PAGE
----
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Light Therapy

Light therapy (phototherapy) is given under the supervision of a physician. It is available in dermatologists’ offices, psoriasis day-care centers, phototherapy clinics, and some hospitals.

UVB:

Ultraviolet B (UVB) light waves have wavelength’s ranging between 290-320 nm. It is the wavelength in sunlight which is responsible for most of the sunburns; sometimes tar, anthralin, calcipotriol/calcipotriene, or tazarotene topical therapy is also used in conjunction with UVB phototherapy. In 1925, Goeckerman used tar in addition to UVB, the Ingram method refers to tar baths, topical anthralin, and UVB.

UVB is given to the whole body in a cabinet, or to localized areas with a small portable unit. Most UVB given is broadband UVB. Narrow band UVB, which has a wavelength of 311 nm, is available in certain centers. Some patients may do better with narrow band UVB, but the risk of a sunburn reaction may be greater.

The eyes need to be protected with special glasses during UVB treatment in order to prevent eye damage. Although treatment is often limited to 2-4 weeks, long term treatment might be associated with aging of the skin, burning, and potentially an increase in skin cancer. UVB is usually administered three times a week for three months for clearing and maintenance can be achieved by using it less frequently. Long remissions may occur after UVB phototherapy.

The mechanism of action is unknown. It may reduce synthesis of DNA within epidermal cells and alter the immune response in the skin. It is less effective than PUVA but can be improved by adding other systemic therapies. The onset of response is slow.

Narrow Band UVB:

This is seen to be more effective than UVB. It can cause freckling and changes of skin aging. It takes longer to administer narrow band versus regular UVB.

PUVA:

PUVA stands for Psoralen (a medication that sensitizes your skin to ultraviolet A light waves) + UVA (ultraviolet A, with a wavelength range of 320-400 nm). The psoralen may be taken internally as a pill or applied to the skin (in bath water or as a cream, ointment, or lotion). After a set time after the psoralen has been taken or applied, the skin is exposed to ultraviolet A radiation in a cabinet or with a small portable unit.

You must wear protective eye glasses as soon as you take the psoralen pill during treatment (for both the internal and topical PUVA treatments), and for one day after your treatment, in order to prevent eye damage. Other potential side effects include itching and dryness of the skin, a sunburn reaction, freckling, aging of the skin, and skin cancer. The pill often causes an upset stomach. You can minimize nausea by taking the psoralen pill with food. PUVA therapy is usually given initially 2 to 3 times a week, then less frequently as the skin improves. It takes about 25 treatments over a 2-3 month period before clearing takes place. Long remissions may occur after PUVA therapy. Maintenance of improvement can in some be achieved by much less frequent use.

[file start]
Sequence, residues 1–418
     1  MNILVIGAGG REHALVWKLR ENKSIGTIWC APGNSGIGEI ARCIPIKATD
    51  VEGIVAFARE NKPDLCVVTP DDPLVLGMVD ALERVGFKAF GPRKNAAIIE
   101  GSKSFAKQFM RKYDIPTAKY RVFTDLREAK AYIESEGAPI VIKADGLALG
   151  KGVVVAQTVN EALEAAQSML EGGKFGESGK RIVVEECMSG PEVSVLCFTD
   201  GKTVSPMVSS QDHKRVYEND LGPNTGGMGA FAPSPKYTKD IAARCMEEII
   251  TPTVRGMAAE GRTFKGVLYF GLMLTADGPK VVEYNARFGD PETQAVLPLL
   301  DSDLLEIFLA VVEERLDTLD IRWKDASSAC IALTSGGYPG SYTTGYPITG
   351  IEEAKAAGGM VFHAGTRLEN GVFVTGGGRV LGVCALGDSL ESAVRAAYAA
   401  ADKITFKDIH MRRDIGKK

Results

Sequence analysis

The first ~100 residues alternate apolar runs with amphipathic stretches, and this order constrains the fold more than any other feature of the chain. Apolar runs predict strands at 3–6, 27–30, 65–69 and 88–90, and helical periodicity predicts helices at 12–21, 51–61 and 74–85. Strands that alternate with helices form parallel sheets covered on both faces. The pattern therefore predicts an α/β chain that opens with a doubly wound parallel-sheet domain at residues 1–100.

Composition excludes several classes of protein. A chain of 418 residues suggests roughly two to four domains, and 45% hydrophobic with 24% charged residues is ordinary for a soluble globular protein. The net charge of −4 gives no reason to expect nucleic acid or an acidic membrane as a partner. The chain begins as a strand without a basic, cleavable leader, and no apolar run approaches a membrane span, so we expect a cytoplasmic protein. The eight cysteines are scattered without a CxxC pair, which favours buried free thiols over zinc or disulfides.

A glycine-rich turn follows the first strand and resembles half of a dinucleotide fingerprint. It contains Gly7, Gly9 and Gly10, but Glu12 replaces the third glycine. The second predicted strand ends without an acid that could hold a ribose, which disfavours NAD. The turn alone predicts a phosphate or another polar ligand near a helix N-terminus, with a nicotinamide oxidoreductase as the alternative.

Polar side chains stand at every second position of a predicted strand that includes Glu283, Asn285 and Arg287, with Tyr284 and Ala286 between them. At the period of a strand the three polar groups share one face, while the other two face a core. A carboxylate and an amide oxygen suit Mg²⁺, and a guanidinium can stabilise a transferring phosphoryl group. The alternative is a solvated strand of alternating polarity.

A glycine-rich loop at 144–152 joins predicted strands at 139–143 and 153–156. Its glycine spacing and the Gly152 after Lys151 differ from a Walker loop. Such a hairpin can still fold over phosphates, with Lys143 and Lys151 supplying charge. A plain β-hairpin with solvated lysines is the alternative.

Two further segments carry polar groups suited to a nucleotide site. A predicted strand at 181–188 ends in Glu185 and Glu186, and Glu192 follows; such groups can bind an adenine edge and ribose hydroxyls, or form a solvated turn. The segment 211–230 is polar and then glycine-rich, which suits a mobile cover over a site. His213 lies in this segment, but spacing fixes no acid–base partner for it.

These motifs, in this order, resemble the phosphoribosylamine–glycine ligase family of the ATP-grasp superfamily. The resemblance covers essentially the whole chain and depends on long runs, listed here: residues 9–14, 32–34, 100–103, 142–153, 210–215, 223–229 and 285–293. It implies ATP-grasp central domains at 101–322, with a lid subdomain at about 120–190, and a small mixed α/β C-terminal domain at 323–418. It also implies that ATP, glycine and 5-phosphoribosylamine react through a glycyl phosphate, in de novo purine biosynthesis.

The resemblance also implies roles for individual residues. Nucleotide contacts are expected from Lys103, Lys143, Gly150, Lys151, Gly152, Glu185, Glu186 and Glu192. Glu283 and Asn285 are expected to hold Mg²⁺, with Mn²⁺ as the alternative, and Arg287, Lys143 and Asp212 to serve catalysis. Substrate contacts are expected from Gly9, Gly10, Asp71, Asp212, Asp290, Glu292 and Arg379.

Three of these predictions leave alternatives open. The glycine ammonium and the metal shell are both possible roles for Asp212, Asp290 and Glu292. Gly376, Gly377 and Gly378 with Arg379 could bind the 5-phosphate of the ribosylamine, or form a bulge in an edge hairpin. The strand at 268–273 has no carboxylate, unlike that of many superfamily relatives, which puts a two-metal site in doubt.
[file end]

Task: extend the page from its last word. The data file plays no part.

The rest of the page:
Phototherapy is useful when the psoriasis is generalized. It is effective and may have an ability to turn off the psoriasis for months. It can be used in combination with both methotrexate and the retinoids. The disadvantage is the increased risk of squamous cell carcinoma as well as melanoma. Photo damage with freckles and lentigines are seen particularly with PUVA.

The mechanism of action is unknown but involves the interaction of methoxsalen into DNA forming cross links. This results in the reduction of DNA synthesis and blocks cell proliferation. It may also suppress immune response in the skin.

The efficacy is very significant in a large percentage of patients. The duration of effect is long but the onset of improvement is slow.

Re-PUVA:

Re-PUVA refers to treatment with a retinoid (for example, Acitretin) and PUVA. The retinoid is usually started a couple of weeks before the PUVA. The total dose and number of PUVA treatments may be less if treatment with a retinoid is also given.

Laser:

Laser light treatment has been used for localized resistant patches with some success. However, it is still considered experimental. The laser used is the 308nm Eximer® laser which gives a quick response. Since the light beam is relatively small, it is not a practical treatment option for generalized disease.